Translators, compilers, interpreters and assemblers are all software programming tools that convert code into another type of code, but each term has specific meaning. All of the above work in some way towards getting a high-level programming language translated into machine code that the central processing unit (CPU) can understand. Examples of CPUs include those made by Intel (e.g., x86), AMD (e.g., Athlon APU), NXP (e.g., PowerPC), and many others. It’s important to note that all translators, compilers, interpreters and assemblers are programs themselves.
The most general term for a software code converting tool is “translator.” A translator, in software programming terms, is a generic term that could refer to a compiler, assembler, or interpreter; anything that converts higher level code into another high-level code (e.g., Basic, C++, Fortran, Java) or lower-level (i.e., a language that the processor can understand), such as assembly language or machine code. If you don’t know what the tool actually does other than that it accomplishes some level of code conversion to a specific target language, then you can safely call it a translator.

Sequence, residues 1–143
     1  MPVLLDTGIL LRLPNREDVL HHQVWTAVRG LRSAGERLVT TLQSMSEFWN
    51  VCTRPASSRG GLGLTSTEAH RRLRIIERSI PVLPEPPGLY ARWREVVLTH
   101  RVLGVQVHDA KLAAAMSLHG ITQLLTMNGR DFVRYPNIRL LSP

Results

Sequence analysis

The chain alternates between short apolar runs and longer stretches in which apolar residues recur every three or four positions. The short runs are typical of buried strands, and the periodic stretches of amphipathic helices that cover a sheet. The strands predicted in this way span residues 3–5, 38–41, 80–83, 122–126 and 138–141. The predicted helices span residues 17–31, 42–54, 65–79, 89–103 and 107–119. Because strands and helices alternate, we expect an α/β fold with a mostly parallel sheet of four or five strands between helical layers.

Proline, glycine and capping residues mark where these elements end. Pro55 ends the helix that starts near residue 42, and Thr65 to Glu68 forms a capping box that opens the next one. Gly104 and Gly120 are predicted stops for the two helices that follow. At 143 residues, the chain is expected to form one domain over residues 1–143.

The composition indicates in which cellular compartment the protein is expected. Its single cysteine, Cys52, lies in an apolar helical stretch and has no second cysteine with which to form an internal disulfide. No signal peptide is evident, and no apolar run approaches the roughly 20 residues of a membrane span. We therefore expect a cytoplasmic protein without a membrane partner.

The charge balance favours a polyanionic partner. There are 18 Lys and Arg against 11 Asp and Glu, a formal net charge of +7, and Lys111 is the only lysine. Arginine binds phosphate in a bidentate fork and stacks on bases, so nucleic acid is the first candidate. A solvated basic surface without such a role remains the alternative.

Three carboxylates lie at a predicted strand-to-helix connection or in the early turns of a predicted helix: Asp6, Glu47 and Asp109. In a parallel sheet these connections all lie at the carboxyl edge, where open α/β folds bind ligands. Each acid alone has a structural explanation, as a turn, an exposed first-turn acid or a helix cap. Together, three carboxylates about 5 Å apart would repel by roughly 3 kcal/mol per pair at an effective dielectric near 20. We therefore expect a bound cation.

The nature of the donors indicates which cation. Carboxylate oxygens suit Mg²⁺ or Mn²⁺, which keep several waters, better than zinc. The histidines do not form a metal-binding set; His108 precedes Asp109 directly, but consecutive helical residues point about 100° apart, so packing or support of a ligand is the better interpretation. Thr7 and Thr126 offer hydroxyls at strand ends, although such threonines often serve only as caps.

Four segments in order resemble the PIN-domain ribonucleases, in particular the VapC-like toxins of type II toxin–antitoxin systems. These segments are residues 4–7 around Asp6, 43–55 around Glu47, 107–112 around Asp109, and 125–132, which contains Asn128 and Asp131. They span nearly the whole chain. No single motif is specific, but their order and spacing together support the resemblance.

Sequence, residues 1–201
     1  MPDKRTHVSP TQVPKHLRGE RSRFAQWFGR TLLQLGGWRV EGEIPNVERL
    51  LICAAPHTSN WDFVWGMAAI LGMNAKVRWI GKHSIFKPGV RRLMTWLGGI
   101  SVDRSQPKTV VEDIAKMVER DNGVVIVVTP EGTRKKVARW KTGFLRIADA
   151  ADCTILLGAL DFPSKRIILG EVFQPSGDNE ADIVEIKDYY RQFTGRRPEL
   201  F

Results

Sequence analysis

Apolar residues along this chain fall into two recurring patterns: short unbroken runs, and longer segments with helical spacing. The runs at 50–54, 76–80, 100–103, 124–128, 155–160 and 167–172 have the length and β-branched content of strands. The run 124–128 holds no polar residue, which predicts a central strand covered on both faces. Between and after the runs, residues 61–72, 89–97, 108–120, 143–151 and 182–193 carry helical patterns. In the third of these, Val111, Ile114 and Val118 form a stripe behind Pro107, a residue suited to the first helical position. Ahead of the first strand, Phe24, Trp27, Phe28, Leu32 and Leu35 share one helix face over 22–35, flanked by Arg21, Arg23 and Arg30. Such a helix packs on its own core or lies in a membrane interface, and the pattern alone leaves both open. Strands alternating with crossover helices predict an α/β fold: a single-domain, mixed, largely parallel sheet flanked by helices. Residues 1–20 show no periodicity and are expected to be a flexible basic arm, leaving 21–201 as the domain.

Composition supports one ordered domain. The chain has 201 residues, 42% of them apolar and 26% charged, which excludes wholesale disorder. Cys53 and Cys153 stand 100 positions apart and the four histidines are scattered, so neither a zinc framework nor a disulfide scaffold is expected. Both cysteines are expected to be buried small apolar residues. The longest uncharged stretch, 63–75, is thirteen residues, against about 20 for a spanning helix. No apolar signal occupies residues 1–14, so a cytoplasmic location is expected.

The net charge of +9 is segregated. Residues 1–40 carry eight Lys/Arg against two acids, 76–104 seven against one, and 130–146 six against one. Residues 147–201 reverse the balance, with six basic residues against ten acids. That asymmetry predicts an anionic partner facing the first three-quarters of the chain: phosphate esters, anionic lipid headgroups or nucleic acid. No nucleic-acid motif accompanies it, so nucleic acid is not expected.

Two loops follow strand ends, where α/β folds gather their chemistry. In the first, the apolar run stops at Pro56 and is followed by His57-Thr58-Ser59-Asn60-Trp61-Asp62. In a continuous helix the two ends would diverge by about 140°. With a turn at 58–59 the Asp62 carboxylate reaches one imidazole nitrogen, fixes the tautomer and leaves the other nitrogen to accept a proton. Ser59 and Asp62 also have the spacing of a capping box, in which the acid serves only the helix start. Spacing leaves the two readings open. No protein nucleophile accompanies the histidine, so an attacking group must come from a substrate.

Compilers convert high-level language code to machine (object) code in one session. Compilers can take a while, because they have to translate high-level code to lower-level machine language all at once and then save the executable object code to memory. A compiler creates machine code that runs on a processor with a specific Instruction Set Architecture (ISA), which is processor-dependent. For example, you cannot compile code for an x86 and run it on a MIPS architecture without a special compiler. Compilers are also platform-dependent. That is, a compiler can convert C++, for example, to machine code that’s targeted at a platform that is running the Linux OS. A cross-compiler, however, can generate code for a platform other than the one it runs on itself. A cross-compiler running on a Windows machine, for instance, could generate code that runs on a specific Windows operating system or a Linux (operating system) platform. Source-to-source compilers translate one program, or code, to another of a different language (e.g., from Java to C). Choosing a compiler then, means that first you need to know the ISA, operating system, and the programming language that you plan to use. Compilers often come as a package with other tools, and each processor manufacturer will have at least one compiler or a package of software development tools (that includes a compiler). Often the software tools (including compiler) are free; after all, a CPU is completely useless without software to run on it. Compilers will report errors after compiling has finished.